It is important to notify anyone who may be affected by the change. This could be external customers, or it may be internal departments who might notice the network activity. Information about maintenance windows or network changes is often included in regular emails, in a standing change control database or within the standard ticketing system.
Prerequisites, Special Tools or Parts, Safety Requirements, Resource Requirements
These MOP sections will answer more important questions. What must be done, or what is the necessary situation, before the start of the change? When a technician goes to site, what tools or parts are required to make the change? How do we ensure safety? What personnel, equipment or other resources are needed?
Now we are at the heart of the MOP. This is the most important part. And even more important than having written procedures, the technical professionals doing the change must follow them! In my experience, we used an important “technical” acronym: RTFM. This means, loosely, “read the manual.” And the person(s) enacting the change should make sure that they have the most recent version of the MOP.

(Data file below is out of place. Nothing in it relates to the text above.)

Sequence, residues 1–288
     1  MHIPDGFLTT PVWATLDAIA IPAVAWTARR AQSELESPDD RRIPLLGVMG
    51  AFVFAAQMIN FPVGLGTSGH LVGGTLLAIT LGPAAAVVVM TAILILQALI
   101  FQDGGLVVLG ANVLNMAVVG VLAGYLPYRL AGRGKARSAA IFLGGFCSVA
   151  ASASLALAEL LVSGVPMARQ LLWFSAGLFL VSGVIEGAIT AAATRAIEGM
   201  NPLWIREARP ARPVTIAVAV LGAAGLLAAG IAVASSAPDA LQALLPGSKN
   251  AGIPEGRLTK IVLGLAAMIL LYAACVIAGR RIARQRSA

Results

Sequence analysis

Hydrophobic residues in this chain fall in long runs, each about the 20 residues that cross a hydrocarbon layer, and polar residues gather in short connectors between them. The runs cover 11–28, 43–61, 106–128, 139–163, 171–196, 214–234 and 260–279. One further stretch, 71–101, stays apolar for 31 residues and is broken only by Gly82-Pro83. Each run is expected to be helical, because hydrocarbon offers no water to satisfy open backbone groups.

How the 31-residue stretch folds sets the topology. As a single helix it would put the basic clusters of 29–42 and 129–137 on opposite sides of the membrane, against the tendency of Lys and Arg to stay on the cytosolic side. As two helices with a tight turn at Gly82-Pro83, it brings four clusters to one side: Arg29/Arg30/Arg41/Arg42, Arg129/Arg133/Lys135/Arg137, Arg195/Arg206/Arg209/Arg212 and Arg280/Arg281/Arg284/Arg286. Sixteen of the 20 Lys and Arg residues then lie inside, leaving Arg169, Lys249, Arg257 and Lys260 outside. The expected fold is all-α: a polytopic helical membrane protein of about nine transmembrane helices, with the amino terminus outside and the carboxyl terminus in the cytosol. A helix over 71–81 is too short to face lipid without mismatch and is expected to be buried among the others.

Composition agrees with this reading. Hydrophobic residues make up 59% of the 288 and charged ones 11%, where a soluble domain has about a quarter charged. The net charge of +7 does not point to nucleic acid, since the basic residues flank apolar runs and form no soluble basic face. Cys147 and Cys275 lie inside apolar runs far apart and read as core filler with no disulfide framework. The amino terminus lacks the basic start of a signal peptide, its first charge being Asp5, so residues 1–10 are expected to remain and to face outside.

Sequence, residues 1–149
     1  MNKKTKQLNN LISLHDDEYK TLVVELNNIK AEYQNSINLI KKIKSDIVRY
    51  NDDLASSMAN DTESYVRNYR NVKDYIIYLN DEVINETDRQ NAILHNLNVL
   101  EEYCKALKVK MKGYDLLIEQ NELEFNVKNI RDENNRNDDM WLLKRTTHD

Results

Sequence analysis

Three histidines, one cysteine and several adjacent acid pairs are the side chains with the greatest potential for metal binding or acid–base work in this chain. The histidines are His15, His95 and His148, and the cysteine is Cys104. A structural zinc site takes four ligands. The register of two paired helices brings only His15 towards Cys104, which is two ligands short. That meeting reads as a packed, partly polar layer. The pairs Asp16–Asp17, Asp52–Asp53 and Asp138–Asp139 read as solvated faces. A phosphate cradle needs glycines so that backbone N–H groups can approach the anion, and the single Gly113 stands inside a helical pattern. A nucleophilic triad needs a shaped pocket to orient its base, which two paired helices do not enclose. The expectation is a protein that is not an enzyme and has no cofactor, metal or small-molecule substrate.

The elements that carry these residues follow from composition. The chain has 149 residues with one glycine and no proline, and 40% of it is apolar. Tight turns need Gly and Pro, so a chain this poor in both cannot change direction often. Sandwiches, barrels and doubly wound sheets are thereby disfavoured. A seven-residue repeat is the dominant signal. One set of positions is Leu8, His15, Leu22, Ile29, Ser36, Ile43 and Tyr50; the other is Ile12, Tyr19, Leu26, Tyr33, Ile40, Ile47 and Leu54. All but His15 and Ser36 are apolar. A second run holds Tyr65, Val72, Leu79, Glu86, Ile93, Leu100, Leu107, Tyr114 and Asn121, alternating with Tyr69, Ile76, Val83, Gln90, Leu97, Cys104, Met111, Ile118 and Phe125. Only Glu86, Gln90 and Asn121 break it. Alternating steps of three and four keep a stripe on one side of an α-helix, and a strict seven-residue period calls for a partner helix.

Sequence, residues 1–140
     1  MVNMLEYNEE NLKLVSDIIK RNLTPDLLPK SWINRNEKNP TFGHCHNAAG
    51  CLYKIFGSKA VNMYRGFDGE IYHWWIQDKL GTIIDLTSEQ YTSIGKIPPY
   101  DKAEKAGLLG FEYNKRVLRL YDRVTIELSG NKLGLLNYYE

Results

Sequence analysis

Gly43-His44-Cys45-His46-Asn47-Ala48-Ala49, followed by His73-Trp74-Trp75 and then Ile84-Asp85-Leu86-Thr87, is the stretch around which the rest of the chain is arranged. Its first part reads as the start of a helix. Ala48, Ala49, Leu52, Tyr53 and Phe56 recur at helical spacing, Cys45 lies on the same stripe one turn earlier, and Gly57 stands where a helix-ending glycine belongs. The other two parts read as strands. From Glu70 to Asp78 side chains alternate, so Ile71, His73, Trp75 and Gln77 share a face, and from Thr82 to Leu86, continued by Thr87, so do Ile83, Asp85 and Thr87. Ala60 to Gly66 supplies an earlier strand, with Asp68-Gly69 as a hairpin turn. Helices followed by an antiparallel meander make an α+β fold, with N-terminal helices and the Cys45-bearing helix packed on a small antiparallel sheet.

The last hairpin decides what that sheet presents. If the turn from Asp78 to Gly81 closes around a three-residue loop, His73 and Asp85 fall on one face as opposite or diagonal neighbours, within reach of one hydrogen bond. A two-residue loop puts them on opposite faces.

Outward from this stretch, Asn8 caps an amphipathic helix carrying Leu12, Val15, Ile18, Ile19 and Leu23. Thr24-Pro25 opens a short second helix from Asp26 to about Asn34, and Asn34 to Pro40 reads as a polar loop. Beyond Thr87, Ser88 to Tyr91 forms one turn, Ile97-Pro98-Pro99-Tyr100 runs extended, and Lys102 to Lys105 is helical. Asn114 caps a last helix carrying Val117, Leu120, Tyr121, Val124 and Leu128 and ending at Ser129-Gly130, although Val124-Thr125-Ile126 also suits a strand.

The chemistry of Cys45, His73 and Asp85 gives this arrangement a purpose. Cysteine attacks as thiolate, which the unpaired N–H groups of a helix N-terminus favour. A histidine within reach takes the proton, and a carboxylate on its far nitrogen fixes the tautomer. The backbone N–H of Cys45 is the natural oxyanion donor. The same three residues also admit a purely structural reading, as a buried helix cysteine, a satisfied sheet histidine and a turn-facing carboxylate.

These essential action points should be clear, logical, sequential and comprehensive. To get there, it helps when procedures are tested in the laboratory. The expected results should be included, perhaps in the form of screen shots, and visual information like pictures and network diagrams are often helpful. (To learn more about networking, see The 4 Most Confusing Concepts in Networking Explained.)
What happens when a change procedure fails? It should be possible to revert the network to its initial state, or at least to a safe and stable state. The rollback section should include clear step-by-step procedures to make this happen.
The finished MOP should go through all the necessary channels. Technical review and management approval are necessary to make sure that all bases are covered. The MOP is not complete without these required signatures.
No planned procedure is foolproof. The greatest danger is when an overconfident engineer feels that he knows everything. On my teams, we always printed the procedures and followed them step-by-step – even if we had done them many times before. One fellow engineer failed to do a backup – as per the MOP – and cost the company a huge network disruption and hundreds of thousands of British pounds.
Whatever form you choose for planning and documenting network changes, be sure that each change is clearly defined, reviewed, and approved before taking action. The method of procedure can be an effective tool for doing just that.